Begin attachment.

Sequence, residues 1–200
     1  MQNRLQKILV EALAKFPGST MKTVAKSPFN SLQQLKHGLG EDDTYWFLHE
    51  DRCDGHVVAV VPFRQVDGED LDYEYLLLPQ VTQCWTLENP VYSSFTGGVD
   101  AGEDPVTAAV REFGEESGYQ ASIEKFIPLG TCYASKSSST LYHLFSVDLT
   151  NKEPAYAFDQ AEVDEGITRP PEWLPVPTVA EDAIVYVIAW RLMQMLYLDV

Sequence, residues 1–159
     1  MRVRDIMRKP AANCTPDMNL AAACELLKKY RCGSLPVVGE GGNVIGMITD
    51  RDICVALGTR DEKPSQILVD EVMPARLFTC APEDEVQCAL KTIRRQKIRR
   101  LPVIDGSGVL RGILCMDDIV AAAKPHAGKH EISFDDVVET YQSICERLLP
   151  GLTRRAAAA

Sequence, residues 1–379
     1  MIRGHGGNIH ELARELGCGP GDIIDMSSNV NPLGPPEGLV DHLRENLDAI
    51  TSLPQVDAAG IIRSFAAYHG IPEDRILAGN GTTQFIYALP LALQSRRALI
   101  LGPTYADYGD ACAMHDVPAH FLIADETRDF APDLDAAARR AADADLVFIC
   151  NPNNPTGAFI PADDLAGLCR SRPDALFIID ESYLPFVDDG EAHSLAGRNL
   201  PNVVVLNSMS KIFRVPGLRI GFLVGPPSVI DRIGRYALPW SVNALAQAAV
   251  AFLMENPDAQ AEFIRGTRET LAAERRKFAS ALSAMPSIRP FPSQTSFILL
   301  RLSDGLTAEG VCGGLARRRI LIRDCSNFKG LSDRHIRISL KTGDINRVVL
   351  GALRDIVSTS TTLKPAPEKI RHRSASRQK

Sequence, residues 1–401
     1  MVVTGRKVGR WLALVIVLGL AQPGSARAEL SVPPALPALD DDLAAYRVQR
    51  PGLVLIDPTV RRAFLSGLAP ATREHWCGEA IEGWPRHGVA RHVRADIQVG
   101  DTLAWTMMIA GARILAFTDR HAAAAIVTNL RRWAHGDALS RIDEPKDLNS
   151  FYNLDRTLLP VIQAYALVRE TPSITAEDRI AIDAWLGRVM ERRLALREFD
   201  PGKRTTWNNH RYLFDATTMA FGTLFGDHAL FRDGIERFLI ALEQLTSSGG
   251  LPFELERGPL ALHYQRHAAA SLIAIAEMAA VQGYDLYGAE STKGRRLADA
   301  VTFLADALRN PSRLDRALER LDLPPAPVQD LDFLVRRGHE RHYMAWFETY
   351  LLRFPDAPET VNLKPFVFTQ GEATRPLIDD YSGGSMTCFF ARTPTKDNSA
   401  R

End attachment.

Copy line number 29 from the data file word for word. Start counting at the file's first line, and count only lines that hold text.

   401  R